About Rationally Speaking

Rationally Speaking is a blog maintained by Prof. Massimo Pigliucci, a philosopher at the City University of New York. The blog reflects the Enlightenment figure Marquis de Condorcet's idea of what a public intellectual (yes, we know, that's such a bad word) ought to be: someone who devotes himself to "the tracking down of prejudices in the hiding places where priests, the schools, the government, and all long-established institutions had gathered and protected them." You're welcome. Please notice that the contents of this blog can be reprinted under the standard Creative Commons license.

Tuesday, July 13, 2010

Massimo's Picks

* My TAM talk is available at PlatoFootnote.org, just scroll down to the first link of the second group.
* Here is a picture you don't see every day (also from TAM)...
* Video of my talk about Nonsense on Stilts at the New York Society for Ethical Culture.
* It's official: the Governor of Arizona is a nut job! (Or she is a lier.)
* The increasingly notoriously fluffy HuffPost (I mean, Deepak Chopra is a regular contributor) now even publishes pieces that blame nazism on Darwin.
* A priest molesting women (instead of young boys) is considered "refreshing" by right wing commentator.
* As it turns out, exercise really is good for your brain, science says so!
* Is freedom of the press an unqualified good? (Hint: nope.)
* You may not recall this, but back in 1962 the US was actually crazy enough to detonate atomic bombs in space. Among other objectives, to see whether it would disrupt the Van Allen belts!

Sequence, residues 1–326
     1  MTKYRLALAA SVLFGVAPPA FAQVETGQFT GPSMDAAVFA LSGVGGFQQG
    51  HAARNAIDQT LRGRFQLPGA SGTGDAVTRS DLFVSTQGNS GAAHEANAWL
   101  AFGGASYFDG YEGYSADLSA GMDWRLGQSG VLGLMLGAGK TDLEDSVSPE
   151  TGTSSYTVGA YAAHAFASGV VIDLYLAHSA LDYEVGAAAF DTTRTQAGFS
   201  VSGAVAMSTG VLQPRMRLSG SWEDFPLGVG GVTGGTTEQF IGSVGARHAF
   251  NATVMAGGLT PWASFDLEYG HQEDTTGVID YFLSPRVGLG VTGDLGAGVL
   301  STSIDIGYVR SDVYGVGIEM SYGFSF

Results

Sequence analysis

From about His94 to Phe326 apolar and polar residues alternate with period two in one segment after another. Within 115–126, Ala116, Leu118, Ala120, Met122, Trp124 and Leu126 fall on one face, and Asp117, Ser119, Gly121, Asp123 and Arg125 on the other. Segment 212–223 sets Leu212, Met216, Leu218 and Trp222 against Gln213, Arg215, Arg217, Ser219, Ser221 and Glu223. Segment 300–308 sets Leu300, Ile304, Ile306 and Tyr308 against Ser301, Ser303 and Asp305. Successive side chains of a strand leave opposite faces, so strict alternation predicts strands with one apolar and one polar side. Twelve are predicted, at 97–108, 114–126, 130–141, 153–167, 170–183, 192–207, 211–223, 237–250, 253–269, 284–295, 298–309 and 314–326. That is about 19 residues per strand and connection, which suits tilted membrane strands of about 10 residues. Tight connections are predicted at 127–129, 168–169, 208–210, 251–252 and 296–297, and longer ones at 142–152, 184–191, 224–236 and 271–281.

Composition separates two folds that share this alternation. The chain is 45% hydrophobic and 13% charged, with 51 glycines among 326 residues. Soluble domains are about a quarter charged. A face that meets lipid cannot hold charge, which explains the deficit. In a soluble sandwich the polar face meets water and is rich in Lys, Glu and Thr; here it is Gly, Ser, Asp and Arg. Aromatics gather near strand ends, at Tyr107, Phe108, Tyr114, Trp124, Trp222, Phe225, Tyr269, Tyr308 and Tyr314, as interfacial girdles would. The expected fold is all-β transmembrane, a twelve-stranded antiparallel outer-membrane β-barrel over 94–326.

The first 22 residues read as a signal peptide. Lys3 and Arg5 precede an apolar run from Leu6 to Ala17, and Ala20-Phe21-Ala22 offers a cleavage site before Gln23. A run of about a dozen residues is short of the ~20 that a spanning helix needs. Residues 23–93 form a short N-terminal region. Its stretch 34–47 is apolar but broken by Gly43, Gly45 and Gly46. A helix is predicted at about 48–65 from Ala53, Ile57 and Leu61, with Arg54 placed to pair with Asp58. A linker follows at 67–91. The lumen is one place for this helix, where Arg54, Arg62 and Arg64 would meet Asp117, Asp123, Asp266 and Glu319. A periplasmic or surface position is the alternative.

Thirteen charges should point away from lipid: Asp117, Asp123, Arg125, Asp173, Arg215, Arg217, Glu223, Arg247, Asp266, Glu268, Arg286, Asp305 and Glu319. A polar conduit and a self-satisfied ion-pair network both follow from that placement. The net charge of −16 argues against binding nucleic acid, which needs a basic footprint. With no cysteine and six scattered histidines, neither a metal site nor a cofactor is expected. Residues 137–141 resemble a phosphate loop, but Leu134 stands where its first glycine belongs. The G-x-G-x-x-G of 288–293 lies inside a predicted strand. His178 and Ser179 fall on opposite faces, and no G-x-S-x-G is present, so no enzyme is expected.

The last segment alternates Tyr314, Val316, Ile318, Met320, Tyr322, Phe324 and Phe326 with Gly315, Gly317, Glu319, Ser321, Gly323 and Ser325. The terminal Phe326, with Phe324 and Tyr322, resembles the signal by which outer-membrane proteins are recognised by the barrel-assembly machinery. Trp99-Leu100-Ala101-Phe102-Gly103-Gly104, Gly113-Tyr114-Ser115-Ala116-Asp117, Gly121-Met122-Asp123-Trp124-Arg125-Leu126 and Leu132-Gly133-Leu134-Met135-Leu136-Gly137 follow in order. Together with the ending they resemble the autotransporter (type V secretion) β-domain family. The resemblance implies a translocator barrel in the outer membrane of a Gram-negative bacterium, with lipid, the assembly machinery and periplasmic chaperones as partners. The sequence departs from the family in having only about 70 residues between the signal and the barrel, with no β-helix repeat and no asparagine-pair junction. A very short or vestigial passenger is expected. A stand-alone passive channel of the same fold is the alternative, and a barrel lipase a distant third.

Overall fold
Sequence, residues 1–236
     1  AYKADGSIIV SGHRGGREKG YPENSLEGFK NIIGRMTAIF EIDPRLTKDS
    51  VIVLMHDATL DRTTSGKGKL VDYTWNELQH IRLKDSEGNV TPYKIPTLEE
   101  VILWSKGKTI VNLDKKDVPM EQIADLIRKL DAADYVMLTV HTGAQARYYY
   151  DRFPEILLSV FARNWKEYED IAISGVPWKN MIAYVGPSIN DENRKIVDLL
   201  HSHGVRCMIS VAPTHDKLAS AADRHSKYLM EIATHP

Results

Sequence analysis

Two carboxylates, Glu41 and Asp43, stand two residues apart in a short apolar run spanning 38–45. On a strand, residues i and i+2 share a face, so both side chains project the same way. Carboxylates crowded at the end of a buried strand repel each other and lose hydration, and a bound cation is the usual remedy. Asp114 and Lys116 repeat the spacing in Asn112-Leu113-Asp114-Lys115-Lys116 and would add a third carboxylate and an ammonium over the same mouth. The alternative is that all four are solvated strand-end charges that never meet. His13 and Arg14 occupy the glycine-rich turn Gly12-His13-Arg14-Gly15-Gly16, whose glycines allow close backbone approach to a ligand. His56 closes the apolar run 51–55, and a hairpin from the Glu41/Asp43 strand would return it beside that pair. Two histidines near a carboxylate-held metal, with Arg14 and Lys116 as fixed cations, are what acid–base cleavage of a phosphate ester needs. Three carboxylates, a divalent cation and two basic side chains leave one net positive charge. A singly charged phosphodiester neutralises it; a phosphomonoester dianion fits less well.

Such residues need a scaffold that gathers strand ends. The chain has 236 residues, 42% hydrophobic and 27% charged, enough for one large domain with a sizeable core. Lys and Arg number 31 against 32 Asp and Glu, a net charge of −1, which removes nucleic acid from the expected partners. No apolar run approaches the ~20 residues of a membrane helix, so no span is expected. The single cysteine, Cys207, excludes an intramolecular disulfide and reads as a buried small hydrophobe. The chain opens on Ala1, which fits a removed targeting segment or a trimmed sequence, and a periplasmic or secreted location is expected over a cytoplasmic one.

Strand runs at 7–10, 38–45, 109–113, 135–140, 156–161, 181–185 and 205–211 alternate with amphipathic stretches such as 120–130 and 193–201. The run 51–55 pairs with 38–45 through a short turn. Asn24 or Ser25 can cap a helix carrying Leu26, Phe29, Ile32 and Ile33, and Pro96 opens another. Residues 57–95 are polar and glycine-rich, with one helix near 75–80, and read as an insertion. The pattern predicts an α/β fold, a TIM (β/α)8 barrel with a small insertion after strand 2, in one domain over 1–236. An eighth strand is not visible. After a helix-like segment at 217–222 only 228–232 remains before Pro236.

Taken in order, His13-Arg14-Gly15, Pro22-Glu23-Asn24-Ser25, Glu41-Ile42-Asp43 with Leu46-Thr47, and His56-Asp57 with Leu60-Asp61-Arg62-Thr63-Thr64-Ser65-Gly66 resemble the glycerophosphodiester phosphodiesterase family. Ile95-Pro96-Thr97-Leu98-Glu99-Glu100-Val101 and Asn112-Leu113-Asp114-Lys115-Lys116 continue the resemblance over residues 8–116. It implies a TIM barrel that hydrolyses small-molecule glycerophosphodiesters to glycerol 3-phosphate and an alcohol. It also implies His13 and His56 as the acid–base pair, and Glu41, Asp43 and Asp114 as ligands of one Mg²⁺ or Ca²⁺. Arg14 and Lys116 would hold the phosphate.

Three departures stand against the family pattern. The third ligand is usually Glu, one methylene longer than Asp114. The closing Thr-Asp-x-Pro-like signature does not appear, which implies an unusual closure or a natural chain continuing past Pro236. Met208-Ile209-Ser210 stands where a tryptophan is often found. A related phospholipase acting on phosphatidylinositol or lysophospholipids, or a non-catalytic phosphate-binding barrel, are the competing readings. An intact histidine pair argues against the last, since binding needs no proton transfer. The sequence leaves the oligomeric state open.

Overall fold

* Are philosophers hopelessly lost in the clouds, and can we have a dinner party about it?
* And speaking of philosophers: what are they qualified to talk about anyhow?


  1. *groan*, I must have facebook to see the photo? No thanks. :(

  2. Didn't know there was anyone in the Western hemisphere without Facebook... ;-)

  3. That makes two of us. Brian, glad for the company.

  4. Since this is a post where you post your picks, I just thought I would share a pick for a great humanistic film, a Spanish one called El Mar Adentro, or the Sea Inside, which won an Academy Award. Its about a quadriplegic fighting for the right to die. It has a great scene of the protagonist and his caretaker sister in law telling off an arrogant priest. I am surprised I didn't hear of this film through the atheist/humanist community. The Netflix description is part BS though, there is no "reaching for the heavens".


  5. Brian and JP, don't sweat it, it is just a blurry photo of Massimo with Dawkins and somebody else I don't recognize. I could have lived without seeing it and resetting my Facebook password.

  6. Sheldon, sorry for the disappointment, I thought people might get a kick from seeing me and Dawkins smiling in the same photo. My little private joke. The third person is Dr. Ginger Campbel, host of the Brain Science Podcast.

  7. Now you and PZ, that would be worth signing up for.

  8. Massimo,

    There should be a link at the bottom of the photo that only you can see. That link will allow anyone with a facebook or not to see it.